The first time I saw someone knitting the continental way, I was utterly astounded. What was that woman doing? And how?
I learned the answers to these questions only recently, thanks to a kind neighbor who learned to knit as a schoolchild in Switzerland. "All our children are taught this method," she told me, her needles clicking and flashing rhythmically. As I watched row after row of beautiful work cascade from her fingers, I wondered why on earth our children aren't taught the European method, too.
Continental-style knitting (CSK) is faster than the American style knitting (ASK) because it's more efficient. In CSK, the yarn is held in the left hand, and the right needle simply scoops the yarn through the left needle stitch to make a new stitch. In ASK, as you may know, the yarn is held in the right hand and is then passed around the point of the right needle after it's been inserted through the left needle stitch. For the ASK novice, this means that every time the yarn needs to pass around the needle point, the needle itself must be dropped, the yarn wrapped around, and the needle picked up again.
Of course, as an ASK knitter gets more proficient, he or she learns to hold onto the needle with the fingertips of the left hand while the yarn is being wrapped; or, in another technique, with the tips of the right thumb and two middle fingers while the right forefinger flips forward like a shuttle to throw the yarn around the point of the needle. However, for the majority of knitters, CSK will still be faster simply because it's easier to scoop a piece of yarn through a stitch than it is to pass that yarn around the point of a needle.
In CSK the knitting is somewhat looser; consequently, the knitter will tend to be more relaxed (but not at the beginning, when trying to learn the skill!). The final product, however, is virtually indistinguishable from the ASK version.
Another facet of CSK's efficiency is that the yarn stays on the left hand, even when an empty needle is exchanged for a full one. In ASK, the yarn is usually dropped as the needles are exchanged, and is picked up again when the new row is started. The amount of time involved is small, but it adds up in the course of a large project.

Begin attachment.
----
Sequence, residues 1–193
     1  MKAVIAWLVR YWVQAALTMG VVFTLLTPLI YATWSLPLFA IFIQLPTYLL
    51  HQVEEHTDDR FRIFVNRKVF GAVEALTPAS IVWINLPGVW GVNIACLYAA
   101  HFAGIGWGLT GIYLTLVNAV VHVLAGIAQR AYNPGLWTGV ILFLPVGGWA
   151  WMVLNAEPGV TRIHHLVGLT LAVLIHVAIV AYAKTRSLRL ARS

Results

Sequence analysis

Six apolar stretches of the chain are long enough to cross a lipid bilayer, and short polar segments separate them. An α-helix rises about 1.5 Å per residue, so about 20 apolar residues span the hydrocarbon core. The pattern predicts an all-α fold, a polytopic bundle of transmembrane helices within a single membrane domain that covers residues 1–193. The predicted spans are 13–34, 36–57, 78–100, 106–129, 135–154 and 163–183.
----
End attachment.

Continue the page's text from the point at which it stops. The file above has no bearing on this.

It would be easier to understand the following directions if you had needles and yarn in hand; and because there's a good bit of movement in the right needle as you scoop the yarn, I'd suggest you use short, moderate-size needles such as 8" or 10" No. 9's.
Start by casting on 20 to 30 stitches. There are several ways to cast on; I'll describe the thumb-and-finger method, also called double cast-on.
Allowing 1" of yarn per stitch, draw off a yarn "tail." Let it dangle for a moment while you wrap the next section of yarn around your hand. Bring the yarn up from the skein between the ring and pinkie fingers of the left hand. Lay it across the back of your hand and, going around the outside of the finger first, wrap it once around your left forefinger. Now wrap the yarn clockwise around your thumb, once, and bring the end over to be pinched between the middle and ring fingers. With the yarn in place, and your left palm facing you, insert the point of the knitting needle up through the thumb loop. Reach across the yarn segment to scoop, from above, the yarn that comes from the forefinger to the thumb. Bring that yarn all the way back through the thumb loop and pull the thumb loop off. You should now have a slipknot on the needle. Tighten it gently. Now simply hook the yarn with the back of your thumb and spread the thumb and forefinger so that the needle and its one stitch hang in between. Pull the needle back — without losing the stitch! — to where its yarn crosses above the strand going from thumb to ring finger (Fig. 4). Reach down and scoop up that strand at the thumb. Swing your needle to the right and over the strand going from the forefinger to the needle. Pick it up and scoop it back through the thumb loop. Slide the thumb loop off, then hook your thumb behind strand A (Fig. 5) and pull your thumb back to tighten the stitch. Continue in this way until you have the desired number of stitches on your needle.